Last Saturday we went about 2 hours Southeast of Dallas to a transfer prison called the Gurney Unit. It houses 2100 male inmates and maximum stay time for anyone is 2 years. The ministry men basically go not knowing anything about the prison they are playing in and this trip was no different. We turned off the major highway in Corsicana, Texas and drove east about 50 miles. There was not much to look at other than a few houses and countryside. I guess they don't build prisons in highly populated tourist areas.
My first apprehension came when we finally entered the inmate area. I wasn't worried about inmates, but the fact that we were walking down the middle of a painted area that separated passing inmates. As a free person I didn't want to offend those who couldn't walk in the area. When I asked the Sergeant she said, "You're not a inmate so you get to walk down the middle." We continued our walk to the gym and walked by lines of inmates, 2 by 2, going from one place to another. All inmates were in white jumpsuits.
We got to the gym and there were about 70 men waiting for us, most sitting on the metal collapsable chairs. I would say the break down was about 90% black, 5% non-white or hispanic, and %5 white. We have no idea what they are in for, but since they were handpicked from 2100, I would assume they were non-violent offenders. A good majority of the men had tatoos and most were wearing government issued boots. We walked past the men and put our bags on the otherside of the gym. Sort of a separation between them and us, or white jerseys and red/black.
Most of the inmates were very nice, hospitable, and appreciative of our being there. As I said earlier, they complained about my reffing less than my own friends. I guess they play all the time without refs so anything our men dished out would have been minor. I did have one inmate who wasn't playing come up to me after one game and apologize for saying rude things to me. I said no problem and told him I didn't hear him anyway.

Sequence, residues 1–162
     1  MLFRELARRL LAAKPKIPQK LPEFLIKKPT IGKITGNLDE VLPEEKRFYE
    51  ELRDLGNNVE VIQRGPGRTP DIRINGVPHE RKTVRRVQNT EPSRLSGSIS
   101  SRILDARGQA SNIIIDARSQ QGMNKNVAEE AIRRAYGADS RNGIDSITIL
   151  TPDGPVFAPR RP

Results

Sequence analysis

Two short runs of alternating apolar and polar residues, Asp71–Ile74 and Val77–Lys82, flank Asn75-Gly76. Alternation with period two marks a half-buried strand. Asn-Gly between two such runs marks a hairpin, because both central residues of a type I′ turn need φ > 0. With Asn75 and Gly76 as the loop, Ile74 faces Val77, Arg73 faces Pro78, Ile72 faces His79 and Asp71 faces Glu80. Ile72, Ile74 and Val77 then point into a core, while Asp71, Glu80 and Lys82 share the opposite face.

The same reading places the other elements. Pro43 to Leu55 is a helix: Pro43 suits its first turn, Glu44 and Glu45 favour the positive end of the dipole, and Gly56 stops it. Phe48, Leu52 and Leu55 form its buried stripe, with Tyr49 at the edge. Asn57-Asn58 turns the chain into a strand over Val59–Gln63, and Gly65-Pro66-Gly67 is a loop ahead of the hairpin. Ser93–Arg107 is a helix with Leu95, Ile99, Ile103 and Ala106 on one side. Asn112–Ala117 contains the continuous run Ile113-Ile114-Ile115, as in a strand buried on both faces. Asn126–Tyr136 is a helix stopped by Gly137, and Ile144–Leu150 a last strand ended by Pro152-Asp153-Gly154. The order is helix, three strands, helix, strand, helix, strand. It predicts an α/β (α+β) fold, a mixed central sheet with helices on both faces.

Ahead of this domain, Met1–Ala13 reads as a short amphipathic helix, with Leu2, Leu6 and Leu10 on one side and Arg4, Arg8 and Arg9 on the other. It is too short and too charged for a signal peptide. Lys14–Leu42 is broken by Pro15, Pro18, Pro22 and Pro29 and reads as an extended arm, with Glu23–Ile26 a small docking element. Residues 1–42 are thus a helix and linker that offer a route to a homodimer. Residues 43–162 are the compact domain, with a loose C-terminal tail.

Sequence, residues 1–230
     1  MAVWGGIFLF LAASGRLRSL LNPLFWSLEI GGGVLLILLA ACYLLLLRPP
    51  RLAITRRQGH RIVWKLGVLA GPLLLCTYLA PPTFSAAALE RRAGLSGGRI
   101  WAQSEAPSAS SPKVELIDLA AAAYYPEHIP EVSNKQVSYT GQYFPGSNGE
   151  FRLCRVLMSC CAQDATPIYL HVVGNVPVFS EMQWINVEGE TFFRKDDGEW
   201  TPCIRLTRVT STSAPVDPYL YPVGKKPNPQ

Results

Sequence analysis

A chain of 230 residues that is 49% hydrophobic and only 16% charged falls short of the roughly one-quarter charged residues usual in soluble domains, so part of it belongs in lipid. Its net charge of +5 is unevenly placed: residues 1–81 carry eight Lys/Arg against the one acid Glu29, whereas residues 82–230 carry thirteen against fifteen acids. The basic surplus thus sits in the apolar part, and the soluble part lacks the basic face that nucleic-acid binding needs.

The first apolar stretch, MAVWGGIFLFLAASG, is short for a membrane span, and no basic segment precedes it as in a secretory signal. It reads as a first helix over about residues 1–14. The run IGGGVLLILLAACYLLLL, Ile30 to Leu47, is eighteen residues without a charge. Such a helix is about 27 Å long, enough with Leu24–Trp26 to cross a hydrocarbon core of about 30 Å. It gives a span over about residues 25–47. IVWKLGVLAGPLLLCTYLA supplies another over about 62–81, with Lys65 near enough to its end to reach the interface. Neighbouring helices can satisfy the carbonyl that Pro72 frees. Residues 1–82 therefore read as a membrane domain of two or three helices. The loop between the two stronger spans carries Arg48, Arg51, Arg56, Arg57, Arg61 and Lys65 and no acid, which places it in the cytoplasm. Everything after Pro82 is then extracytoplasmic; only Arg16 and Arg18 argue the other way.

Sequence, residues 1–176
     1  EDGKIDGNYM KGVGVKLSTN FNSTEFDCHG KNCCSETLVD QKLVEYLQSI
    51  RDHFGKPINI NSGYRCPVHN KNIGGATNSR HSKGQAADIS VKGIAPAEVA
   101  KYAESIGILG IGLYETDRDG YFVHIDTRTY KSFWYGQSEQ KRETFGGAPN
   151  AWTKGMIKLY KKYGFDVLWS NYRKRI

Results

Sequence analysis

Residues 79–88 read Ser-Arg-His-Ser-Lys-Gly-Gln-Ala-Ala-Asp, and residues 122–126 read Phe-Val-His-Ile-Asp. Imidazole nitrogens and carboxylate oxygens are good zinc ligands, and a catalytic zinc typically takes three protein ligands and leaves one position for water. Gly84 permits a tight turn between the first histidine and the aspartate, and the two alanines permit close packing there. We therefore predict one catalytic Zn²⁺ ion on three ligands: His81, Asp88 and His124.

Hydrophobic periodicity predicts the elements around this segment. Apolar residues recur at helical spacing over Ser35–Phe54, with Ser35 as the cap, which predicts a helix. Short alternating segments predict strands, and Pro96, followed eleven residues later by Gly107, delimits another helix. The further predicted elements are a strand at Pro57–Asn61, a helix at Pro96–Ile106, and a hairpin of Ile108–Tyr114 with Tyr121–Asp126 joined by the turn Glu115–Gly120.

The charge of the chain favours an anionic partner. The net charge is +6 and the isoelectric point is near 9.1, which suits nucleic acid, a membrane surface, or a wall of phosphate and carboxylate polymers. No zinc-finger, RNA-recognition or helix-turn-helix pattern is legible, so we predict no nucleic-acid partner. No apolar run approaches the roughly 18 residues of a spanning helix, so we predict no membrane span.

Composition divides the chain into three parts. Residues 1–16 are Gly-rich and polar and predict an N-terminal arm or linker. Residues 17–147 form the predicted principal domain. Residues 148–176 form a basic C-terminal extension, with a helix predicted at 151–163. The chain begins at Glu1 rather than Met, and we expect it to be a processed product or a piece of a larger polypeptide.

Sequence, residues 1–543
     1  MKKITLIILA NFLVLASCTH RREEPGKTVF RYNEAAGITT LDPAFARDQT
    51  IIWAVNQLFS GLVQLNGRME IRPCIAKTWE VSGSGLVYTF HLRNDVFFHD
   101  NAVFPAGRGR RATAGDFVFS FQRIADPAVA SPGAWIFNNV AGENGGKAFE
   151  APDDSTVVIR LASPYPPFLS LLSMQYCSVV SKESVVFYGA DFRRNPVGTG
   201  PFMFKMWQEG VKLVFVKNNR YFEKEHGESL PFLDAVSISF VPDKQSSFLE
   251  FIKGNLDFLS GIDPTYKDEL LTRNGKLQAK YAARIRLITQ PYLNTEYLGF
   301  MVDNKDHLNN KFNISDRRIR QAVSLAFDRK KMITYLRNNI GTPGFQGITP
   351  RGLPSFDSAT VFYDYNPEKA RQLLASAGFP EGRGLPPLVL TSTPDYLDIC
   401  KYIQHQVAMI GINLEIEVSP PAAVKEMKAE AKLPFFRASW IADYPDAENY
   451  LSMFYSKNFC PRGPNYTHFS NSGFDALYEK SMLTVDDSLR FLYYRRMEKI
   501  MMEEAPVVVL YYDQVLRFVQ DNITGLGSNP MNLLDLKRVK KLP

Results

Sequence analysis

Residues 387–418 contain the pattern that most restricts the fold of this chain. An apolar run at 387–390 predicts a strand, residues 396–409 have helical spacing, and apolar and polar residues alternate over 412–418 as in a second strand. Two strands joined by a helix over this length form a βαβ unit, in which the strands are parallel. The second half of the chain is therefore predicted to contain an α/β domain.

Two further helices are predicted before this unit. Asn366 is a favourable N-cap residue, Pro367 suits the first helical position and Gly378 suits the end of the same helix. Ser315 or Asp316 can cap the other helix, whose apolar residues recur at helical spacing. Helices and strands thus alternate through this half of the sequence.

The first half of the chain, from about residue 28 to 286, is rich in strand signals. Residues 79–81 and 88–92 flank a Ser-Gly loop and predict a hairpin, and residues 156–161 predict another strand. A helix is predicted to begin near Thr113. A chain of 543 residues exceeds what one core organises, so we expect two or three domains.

It was good for me to be around men that God created to worship HIM, although these men had made bad choices. Not once was I afraid for my own safety and really feel my interactions were probably more positive than if I played at an all day tournament at a YMCA. The inmates really did have positive attitudes.
We did eat a prison lunch: low grade balogna, cheese, choice of bread, greens, squash, beans, and some type of macaroni salad. The tea was good although the sweetener came in a bottle that could have doubled as an eye solution bottle.
Advice: get outside your comfort zone and see how others live. This was extreme, but it helped me to appreciate what a good friend is going through and it makes me appreciate all that I do have.